Apr 17, 2018 – Commodity Weekly – Crude rallied on Syria despite increased US inventories, sugar depressed further, grains helped by cold weather
Commodities were pushed higher last week by weaker dollar and geopolitical tension, namely US-Russian as the most significant. However the grain sector was supported weather factors, especially in the US mid-west. Sugar prices were further depressed by bigger than expected Thai crop despite speculators trimmed some shorts on profit taking.
The recent US attacks on Syrian chemical weapon factories helped to boost the price of oil, despite the fact that US production and inventories keep increasing. The Baker Hughes rig count increased to 815 oil rigs last week while the prices rallied to new highs. In WTI the key levels to watch are $69.50-70.50 resistance zone to the upside while the recently broken resistance zone $66-$66.60 will serve as support to the downside.
US farmers are now caught in a little trapped as the unusually tough winter causing damage to the winter wheat on one hand will cause delays the soybeans and corn planting. The USDA Wasde report released last week increased the estimate of Global wheat supply mainly due to better than expected production estimates from Morocco, while the rest is the world was balanced. Argentine and Brazil corn production will be down 14.5mil bushels compared to record last year and the reduced exports should impact first half of the US 2018/19 marketing year. Technically prices should however first take out the 392 – 395 highs before we can speak about further upside potential.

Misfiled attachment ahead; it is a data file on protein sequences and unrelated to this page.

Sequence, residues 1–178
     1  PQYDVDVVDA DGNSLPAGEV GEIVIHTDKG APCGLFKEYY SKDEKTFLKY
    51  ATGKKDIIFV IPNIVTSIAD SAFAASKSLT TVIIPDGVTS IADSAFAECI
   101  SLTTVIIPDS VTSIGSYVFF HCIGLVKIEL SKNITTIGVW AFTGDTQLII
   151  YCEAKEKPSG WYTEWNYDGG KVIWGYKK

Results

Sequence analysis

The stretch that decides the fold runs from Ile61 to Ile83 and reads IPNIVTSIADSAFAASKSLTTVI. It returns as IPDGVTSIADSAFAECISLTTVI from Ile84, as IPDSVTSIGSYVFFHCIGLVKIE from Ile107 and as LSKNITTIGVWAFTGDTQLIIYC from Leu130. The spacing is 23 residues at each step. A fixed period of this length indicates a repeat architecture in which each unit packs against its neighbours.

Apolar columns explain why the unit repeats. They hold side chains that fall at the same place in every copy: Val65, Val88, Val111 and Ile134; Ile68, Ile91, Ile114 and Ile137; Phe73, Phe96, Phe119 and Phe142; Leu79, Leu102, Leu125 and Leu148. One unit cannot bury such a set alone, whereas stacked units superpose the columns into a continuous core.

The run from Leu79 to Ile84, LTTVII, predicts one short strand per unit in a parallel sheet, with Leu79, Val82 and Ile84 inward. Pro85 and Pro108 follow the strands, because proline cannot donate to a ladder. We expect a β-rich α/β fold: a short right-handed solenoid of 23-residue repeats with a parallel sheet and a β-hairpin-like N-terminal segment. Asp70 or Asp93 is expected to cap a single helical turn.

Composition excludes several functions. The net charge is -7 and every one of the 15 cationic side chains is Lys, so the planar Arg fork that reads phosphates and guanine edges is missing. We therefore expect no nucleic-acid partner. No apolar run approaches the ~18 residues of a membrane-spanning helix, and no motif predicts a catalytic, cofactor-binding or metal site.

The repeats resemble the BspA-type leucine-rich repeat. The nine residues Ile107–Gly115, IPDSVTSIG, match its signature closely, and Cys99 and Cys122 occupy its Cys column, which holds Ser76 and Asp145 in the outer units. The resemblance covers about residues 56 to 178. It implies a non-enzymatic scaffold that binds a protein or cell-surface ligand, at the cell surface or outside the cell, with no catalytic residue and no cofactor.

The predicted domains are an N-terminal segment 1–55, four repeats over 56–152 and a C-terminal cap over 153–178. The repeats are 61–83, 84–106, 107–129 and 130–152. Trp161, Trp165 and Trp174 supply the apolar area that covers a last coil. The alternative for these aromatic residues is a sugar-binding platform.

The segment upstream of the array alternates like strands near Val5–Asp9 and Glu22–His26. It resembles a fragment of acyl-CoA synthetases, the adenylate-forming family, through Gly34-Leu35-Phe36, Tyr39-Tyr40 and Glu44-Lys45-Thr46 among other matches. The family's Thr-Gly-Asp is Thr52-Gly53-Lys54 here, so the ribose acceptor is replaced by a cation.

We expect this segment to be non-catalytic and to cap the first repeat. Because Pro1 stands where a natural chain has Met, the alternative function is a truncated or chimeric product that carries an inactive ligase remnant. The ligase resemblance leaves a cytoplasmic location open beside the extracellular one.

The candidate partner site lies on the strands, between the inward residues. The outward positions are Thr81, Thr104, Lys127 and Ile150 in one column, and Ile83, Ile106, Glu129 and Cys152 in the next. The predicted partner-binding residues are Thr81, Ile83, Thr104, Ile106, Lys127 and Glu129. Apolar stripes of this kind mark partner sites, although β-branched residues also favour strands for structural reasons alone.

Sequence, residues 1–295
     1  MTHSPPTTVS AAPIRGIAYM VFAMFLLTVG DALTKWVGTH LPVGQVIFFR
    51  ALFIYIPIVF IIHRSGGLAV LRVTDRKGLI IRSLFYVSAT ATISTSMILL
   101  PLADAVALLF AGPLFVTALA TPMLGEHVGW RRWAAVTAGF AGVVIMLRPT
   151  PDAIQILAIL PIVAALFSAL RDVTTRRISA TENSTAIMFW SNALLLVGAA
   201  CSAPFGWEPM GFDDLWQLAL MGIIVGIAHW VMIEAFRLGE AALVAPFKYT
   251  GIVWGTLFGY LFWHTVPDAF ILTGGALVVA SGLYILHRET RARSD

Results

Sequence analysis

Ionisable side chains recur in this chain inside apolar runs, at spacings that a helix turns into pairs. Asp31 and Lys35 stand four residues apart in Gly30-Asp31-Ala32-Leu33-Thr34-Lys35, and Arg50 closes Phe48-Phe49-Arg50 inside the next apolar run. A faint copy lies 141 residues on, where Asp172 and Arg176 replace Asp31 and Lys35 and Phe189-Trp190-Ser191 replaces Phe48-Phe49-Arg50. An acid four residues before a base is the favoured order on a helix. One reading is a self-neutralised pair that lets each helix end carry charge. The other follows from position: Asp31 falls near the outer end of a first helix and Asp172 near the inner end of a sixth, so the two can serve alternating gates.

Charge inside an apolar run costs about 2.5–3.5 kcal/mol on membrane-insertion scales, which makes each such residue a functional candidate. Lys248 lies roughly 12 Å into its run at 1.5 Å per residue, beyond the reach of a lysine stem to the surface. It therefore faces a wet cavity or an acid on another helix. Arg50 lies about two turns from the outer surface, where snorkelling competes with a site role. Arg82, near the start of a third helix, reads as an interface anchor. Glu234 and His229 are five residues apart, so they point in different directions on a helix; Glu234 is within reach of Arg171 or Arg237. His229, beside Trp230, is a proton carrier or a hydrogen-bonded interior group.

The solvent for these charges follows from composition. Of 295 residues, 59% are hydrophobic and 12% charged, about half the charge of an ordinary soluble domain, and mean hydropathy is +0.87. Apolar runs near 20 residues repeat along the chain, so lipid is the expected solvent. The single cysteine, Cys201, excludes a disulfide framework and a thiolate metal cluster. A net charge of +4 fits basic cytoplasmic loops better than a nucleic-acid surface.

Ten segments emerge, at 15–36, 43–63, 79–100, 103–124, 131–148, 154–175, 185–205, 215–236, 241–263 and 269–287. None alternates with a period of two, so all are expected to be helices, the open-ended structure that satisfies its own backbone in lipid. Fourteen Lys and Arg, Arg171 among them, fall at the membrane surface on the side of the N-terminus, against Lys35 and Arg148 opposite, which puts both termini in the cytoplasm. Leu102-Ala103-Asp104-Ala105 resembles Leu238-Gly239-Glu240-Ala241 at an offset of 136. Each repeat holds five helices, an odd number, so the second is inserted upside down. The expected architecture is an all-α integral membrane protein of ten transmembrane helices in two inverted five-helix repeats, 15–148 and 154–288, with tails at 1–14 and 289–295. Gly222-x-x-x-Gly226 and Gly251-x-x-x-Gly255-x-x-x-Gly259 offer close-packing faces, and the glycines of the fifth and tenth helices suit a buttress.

Prices of raw sugar declined further on higher than expected Thai crop and the threat of Indian Exports to hit the market. While some speculative shorts were reduced there is still plenty of bears in the market. Closing these positions could mean that we can see a correction at one point but currently the fundamentals are not predicting any hope prices could rally significantly. Currently prices are well below the production prices in India (and many other producers) and sugar mills arrears of payments to cane farmers are mounting that could cause crack down on mills in the country soon. According to last ISMA estimates the country has a 4 mil ton sugar overproduction while carryover stocks could be the same amount. So approximately 8 mil. tons needs to be exported…
Good Luck and remember to watch your risk and be consistent
Mr. Tech Man
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